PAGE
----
Recently, I overheard a friend telling Sienna’s story to a group of people I barely knew. It caught me a little off guard to overhear her revealing such an intimate and personal experience to people that I would not have openly shared this information. I winced in the background as my friend continued on at great lengths about Sienna’s story, getting facts wrong along the way.

I know my friend and I know her intentions were well meaning, but the pit in my stomach caused me to question why was I so bothered by this?

After much thought, I think it is because I view Sienna’s story (and Brae’s story) as their story. It’s their story to share with whomever, how ever, whenever, and even if they want to. Certainly, my family and friends (and this blogging community) know their story. And that is because I feel grateful for this platform and opportunity to share such an amazing and life-giving adventure. I want more people to know how amazing adoption is — in every form. It’s also because Sienna and Brae’s stories are part of my story as well. So, I’ve invited people along on this journey with me.

But, somehow, I feel like a faint line is crossed when I’m not a part of sharing my children’s story. Perhaps it is because I’m so mama-bear protective of my kids, I want to be in charge of how the message is delivered. I don’t want to run the risk of some well-meaning stranger making an off-the-cuff comment and someone else not responding in a way that I would have.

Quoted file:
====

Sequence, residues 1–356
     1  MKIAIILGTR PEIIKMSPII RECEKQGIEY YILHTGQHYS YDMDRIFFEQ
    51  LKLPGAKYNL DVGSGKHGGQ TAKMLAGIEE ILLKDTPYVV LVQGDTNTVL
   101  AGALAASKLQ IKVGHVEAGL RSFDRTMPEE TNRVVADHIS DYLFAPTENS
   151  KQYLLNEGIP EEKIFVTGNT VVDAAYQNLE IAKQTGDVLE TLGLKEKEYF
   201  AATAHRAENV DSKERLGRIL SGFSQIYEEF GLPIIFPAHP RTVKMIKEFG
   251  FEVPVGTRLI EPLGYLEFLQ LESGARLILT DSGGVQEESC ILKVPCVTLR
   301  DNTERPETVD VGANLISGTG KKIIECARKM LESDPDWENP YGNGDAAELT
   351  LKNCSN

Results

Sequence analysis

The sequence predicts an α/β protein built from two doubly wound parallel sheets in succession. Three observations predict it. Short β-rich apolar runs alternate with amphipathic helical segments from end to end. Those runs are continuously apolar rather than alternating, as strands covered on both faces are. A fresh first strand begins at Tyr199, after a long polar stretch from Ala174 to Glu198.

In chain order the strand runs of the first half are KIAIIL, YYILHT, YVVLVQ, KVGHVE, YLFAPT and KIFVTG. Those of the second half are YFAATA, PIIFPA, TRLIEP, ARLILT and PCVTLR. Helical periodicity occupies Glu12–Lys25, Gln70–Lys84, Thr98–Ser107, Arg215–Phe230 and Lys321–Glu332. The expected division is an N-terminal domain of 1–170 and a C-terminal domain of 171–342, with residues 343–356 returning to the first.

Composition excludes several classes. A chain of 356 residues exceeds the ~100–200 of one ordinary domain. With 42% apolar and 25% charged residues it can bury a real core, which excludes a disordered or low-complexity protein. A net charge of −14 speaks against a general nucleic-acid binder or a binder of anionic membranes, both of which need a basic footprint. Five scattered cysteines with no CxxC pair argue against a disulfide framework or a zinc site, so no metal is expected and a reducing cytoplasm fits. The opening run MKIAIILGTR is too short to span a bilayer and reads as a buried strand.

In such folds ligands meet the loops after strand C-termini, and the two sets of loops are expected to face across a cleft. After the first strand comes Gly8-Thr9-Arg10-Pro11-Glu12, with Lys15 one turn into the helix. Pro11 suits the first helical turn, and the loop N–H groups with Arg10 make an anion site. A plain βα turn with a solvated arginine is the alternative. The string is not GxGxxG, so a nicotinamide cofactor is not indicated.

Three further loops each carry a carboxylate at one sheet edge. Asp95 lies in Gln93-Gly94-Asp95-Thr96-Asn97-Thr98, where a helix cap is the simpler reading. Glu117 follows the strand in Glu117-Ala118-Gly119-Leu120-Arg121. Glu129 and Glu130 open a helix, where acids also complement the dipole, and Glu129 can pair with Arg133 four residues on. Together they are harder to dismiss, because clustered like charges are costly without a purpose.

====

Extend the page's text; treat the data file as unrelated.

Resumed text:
I also want to hold my children’s stories inviolate. I’m their mom, yes, and their stories are part of my story, yes, but I also want to be respectful of the fact that they, not me, will be the target of any disrespectful or ignorant comments about adoption. I want them to decide whether they want to share their stories, and if they do, I want it to be on their terms. I don’t want to rob them of that, or unnecessarily put a target on their backs.

Don’t get me wrong — I’m absolutely not ashamed of their stories or how they came to be in our family. I think God has set them apart, has divinely chosen them, and they are beyond special and privileged. I’ve been the one blessed by them; not the other way around. It is an honor for me to be the one they call “Mommy.”

But, at the same time, I’m a realist. I know there exist a lot of naive and uninformed stereotypes and misconceptions about adoption. I want to protect my kids from those arrows. So, until they can shield themselves, I want to be the ones in charge of delivering their very unique and beautiful stories.

Am I wrong?


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